Sexy supernatural men falling in love with and protecting attractive young heroines, and the world, collide as NYT romance bestseller Sherrilyn Kenyon has sued YA bestseller Cassandra Clare for allegedly plagiarizing her hit Dark-Hunter series. Kenyon started writing the Dark-Hunter books in 1998, and has been releasing bestselling novels within that universe consistently ever since. Clare’s first Shadowhunters book, City of Bones, came out in 2007. Both series focus on “elite” warriors that protect the “human world” from an unseen paranormal threat, stopping the enslavement of humanity. Both introduce this concept through a heroine who does not know she is one of these warriors until saved by a handsome, gothic, tattooed, blond man who is a powerful warrior. However; where Kenyon’s books are decidedly adult, featuring some … steamy scenes, Clare’s YA (young adult) novels have reached a much broader audience. The Mortal Instruments: City of Bones was made into a movie in 2013, and although it was panned by critics and flopped at the box office, a TV show, “Shadowhunters: The Mortal Instruments,” premiered on ABC Family in January of 2016. Apparently this was the last straw, and on February 5, 2016, Kenyon sued Clare for trademark and copyright infringement based on the similarities between the Dark-Hunter and Shadowhunters names and stories.
A juicy tidbit in this story is that this is not the first time Clare has been accused of plagiarism. Cassandra Clare got her start writing popular Harry Potter fanfiction in 2000, specifically, the epic “Draco Trilogy,” which she has since taken down. In her fanfiction, Clare used to play a “game” with her readers where she would quote popular TV shows and movies without attributing it in the text, and then the readers could “spot the quote.” A dubious practice, but not particularly damning, especially considering her (sometimes disputed) attempts to credit the quotes. Moreover, in 2001, a reader noticed that an entire chapter of Clare’s trilogy, in terms of action sequences, descriptions, and dialog was similar to The Hidden Land, an out of print novel by Pamela Dean. After Clare failed to respond to moderator emails and “fix” the alleged copying, she was banned from FanFiction.net for plagiarism. The whole scenario caused a lot of controversy, and, believe it or not, is still frequently discussed in the fan community – you only need to google “Cassandra Clare Plagiarism” to see a host of blogs and articles passionately discussing it.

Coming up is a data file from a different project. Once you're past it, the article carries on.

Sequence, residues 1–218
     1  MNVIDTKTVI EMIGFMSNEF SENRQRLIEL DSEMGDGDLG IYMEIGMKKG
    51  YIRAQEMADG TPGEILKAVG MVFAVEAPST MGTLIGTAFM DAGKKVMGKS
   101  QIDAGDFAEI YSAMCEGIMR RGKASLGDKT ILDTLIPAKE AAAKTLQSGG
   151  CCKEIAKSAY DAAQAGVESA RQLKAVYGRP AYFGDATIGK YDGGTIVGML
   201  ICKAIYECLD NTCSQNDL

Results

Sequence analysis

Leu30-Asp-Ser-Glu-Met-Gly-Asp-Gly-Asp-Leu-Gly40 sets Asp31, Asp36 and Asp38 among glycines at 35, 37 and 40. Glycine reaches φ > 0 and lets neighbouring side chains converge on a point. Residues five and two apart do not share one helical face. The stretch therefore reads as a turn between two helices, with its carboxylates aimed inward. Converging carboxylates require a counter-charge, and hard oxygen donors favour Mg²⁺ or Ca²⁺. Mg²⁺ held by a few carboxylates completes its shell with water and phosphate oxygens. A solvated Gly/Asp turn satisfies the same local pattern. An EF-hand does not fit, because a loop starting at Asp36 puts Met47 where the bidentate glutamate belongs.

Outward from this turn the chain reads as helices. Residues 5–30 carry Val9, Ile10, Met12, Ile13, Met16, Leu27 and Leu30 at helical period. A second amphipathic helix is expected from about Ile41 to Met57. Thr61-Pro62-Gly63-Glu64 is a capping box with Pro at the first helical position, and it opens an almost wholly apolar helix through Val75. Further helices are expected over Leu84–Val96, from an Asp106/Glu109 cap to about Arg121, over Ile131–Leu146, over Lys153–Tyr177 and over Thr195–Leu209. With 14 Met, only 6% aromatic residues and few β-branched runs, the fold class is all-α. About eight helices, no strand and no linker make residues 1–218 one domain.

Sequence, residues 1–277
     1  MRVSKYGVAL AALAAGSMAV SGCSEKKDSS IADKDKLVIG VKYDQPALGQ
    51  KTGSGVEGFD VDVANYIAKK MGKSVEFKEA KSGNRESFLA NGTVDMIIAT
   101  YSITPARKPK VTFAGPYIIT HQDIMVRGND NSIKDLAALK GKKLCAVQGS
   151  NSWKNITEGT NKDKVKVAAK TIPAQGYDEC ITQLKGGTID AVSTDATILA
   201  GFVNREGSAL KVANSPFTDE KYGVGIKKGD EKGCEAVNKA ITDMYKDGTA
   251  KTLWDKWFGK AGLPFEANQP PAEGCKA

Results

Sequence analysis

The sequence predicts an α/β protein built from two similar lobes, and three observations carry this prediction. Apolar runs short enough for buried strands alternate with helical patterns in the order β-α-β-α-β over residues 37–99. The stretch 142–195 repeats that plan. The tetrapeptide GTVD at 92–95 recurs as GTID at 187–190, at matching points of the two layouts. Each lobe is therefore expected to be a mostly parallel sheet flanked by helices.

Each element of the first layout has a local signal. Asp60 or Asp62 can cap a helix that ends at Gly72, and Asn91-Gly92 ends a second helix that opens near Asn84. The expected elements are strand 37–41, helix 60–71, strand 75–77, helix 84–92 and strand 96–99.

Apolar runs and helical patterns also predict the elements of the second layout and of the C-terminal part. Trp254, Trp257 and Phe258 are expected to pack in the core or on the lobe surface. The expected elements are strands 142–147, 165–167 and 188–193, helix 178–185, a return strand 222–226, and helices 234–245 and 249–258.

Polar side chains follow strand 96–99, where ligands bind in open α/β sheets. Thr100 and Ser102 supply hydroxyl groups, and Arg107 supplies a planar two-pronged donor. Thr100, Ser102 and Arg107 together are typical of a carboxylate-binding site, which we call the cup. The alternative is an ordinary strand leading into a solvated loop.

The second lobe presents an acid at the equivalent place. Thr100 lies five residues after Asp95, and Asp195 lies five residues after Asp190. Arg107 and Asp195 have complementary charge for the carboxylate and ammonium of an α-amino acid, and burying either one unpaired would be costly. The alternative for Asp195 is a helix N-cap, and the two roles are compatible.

She looked down, coyly, powerless under the fierce fire in his eyes. Unable to bear the tension, she reached out and tenderly grasped . . . THE COMPLAINT
The 29-page complaint filed in the Middle District of Tennessee alleges copyright infringement, trademark infringement, false advertising, unfair competition, and trade dress infringement based on Clare’s books, movie, television show, and all related merchandise. The complaint also asks for several injunctions, impounding of infringing materials, and compensatory damages and lost profits. Clearly, Kenyon is out for blood.
Kenyon alleges that in 2006, several of her fans alerted her that Clare’s book (City of Bones) was going to use Kenyon’s Dark-Hunter Marks (Reg. Nos. 30/84,949 & 30/82,141 for Dark-Hunter; Reg. No. 41/18,624 for Were-Hunter; Reg. No. 41/18,626 for Dream-Hunter; and several related applications). Allegedly, after Kenyon contacted Clare, the term “dark-hunter” was replaced with “shadowhunters,” and the title of the upcoming book was changed to remove all reference to “hunters.” Kenyon alleges that despite her “continuing protests and continuous assurances” from Clare and her publisher that they wouldn’t expand the use of “shadowhunters” or adopt it as a trademark, Clare has done just that. According to the complaint, Clare’s use of “shadowhunter” has evolved from a description of her protagonist, to a tag line on the cover of her books, and is now the focus of a “complete rebranding” that is confusingly similar with the Dark-Hunter series.